It was the one thing I owned with the most inertia attached. A 2001 Ford Ranger, with alloy wheels and dent in the bed. I haven’t been driving it as I prefer my motorcycle.
The insurance was coming due tomorrow. I needed to either renew the insurance or tell the state it was parked. This gave me a deadline to decide.
It’s been shambling along for a while now. I bought it with 101,000 miles and drove it for another 40,000 more in four years. I’ve had good luck with it. I fixed a few things, but no major repairs. Until lately. It seemed things were really starting to fall apart.
Recently I had to replace a coolant hose. The hose blew going to lunch one afternoon. All of its water hit the asphalt. I caught it time and didn’t damage the engine. Ford, in its infinite wisdom, tucked the hose up behind the engine. The transmission had to come out to get clearance. It really was designed that way. But I had to fix it. It was scrap otherwise.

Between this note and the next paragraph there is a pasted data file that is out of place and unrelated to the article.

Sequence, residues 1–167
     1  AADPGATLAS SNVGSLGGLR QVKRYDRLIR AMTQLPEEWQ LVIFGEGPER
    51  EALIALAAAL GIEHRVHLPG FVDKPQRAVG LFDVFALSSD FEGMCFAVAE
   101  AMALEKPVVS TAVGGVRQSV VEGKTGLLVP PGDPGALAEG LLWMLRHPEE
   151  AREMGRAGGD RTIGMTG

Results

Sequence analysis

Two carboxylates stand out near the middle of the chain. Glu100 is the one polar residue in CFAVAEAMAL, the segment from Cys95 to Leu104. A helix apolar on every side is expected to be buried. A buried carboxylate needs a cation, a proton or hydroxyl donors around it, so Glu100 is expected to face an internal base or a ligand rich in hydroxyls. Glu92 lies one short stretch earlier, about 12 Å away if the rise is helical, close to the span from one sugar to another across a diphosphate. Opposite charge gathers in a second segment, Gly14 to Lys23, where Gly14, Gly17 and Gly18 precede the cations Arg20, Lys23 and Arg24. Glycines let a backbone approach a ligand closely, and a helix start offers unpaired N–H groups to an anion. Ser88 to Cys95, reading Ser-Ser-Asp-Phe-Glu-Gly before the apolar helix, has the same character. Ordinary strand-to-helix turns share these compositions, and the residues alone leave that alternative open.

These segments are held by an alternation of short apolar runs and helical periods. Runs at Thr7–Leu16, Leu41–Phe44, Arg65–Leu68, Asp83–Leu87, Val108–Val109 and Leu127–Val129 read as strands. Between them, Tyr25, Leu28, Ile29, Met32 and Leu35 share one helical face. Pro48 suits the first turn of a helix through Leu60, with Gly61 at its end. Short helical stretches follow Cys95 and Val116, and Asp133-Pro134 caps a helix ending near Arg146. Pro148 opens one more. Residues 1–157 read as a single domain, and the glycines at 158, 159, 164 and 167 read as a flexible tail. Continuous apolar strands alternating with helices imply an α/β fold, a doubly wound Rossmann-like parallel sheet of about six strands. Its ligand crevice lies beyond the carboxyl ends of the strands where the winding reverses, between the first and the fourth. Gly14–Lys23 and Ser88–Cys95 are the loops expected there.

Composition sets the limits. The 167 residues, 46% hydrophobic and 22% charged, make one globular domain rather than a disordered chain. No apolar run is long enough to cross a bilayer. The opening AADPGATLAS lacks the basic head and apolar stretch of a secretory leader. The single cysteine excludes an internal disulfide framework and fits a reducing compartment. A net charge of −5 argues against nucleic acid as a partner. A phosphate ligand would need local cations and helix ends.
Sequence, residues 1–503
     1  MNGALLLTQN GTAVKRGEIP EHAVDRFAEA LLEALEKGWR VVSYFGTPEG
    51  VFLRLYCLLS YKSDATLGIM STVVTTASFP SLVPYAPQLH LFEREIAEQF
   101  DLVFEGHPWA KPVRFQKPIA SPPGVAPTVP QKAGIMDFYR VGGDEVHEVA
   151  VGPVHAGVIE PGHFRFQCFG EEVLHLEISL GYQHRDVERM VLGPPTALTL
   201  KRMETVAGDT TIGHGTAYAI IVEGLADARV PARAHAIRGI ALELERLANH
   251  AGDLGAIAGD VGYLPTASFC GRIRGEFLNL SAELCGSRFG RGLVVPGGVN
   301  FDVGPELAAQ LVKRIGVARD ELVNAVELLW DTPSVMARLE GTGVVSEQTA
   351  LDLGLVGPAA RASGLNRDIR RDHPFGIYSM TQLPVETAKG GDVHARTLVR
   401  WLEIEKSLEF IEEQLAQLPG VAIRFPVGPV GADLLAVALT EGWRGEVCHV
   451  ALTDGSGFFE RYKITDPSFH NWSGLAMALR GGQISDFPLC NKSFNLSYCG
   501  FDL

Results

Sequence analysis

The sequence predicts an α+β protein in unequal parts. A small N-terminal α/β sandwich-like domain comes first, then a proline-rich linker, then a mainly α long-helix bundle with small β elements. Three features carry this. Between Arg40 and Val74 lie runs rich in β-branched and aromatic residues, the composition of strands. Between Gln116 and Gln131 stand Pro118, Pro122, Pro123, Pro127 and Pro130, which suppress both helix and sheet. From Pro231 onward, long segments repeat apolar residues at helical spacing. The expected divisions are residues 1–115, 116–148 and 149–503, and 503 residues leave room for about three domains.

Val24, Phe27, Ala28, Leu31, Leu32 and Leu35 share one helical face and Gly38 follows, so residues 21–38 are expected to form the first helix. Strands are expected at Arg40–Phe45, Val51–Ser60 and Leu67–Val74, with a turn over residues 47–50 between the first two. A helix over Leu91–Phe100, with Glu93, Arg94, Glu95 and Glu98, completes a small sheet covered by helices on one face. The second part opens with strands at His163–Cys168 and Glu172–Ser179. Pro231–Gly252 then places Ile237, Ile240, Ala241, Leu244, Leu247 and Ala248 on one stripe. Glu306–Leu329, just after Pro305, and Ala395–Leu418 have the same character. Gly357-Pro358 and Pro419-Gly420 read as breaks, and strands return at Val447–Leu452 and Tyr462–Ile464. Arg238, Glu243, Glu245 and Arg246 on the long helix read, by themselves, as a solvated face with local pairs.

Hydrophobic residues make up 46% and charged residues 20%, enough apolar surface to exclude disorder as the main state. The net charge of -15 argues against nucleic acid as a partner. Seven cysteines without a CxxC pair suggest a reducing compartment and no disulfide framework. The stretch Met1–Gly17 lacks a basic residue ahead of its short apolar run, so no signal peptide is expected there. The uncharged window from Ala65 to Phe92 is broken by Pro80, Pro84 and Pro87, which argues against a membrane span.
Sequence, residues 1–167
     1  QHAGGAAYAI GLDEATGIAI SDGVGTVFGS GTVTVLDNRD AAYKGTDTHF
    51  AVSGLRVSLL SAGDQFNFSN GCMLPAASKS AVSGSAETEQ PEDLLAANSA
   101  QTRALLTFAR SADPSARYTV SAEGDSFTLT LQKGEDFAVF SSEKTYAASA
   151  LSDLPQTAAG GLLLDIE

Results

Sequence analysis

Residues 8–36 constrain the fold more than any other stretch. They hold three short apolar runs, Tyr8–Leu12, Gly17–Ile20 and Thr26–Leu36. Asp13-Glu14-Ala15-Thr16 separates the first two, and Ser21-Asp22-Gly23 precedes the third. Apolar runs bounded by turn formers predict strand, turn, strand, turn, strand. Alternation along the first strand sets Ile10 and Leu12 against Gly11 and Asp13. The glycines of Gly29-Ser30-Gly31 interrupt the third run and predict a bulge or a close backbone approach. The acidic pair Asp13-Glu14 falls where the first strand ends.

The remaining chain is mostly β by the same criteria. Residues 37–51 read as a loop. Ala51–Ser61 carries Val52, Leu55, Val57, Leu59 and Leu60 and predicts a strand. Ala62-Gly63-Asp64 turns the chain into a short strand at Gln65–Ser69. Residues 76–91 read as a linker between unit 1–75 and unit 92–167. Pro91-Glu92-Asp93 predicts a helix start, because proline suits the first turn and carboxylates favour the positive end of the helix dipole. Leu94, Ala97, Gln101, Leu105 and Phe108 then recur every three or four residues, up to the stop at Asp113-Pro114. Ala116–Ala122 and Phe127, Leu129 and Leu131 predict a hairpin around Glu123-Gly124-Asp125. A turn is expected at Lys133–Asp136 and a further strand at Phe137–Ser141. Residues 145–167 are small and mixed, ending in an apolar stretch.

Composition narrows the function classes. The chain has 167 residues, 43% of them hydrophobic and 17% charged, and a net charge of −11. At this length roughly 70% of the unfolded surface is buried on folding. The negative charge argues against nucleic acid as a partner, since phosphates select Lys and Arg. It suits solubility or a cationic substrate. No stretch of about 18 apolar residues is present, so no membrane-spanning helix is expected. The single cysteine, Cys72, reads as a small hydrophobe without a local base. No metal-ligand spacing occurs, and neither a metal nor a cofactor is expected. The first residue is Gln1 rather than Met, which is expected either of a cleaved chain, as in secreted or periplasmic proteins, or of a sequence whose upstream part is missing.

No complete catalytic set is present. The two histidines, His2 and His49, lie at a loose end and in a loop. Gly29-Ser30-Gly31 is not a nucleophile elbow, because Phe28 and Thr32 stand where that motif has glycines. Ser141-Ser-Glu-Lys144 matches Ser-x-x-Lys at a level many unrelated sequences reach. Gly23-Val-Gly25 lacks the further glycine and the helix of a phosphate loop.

Not long before that, I had an emissions test. Nothing out of the ordinary, at first. Only the emissions report wasn’t listed under my VIN at Motor Vehicles. After I comparing the title to the truck, I found the VIN on the door frame was different from the one on the dash. The truck was registered under the dash VIN, and the emissions tester scanned the door VIN. The guy at emissions was nice enough to change the computer record to match the door VIN. Then I was able to re-register it.
Today I sold it to CarMax. I thought about Craigslist, but decided I didn’t want tweakers interested in an old truck coming to my house.
It was a mostly painless process. The inspector scanned the door VIN, and found the odometer had been rolled back. Most likely the dash was replaced after an accident I didn’t know about. The purchase offer was fair, and I quickly accepted.
After some quick math, I sat back in shock. The truck had an extra 80,000 miles on it. That explained a lot. I was glad to have it gone. A weight lifted.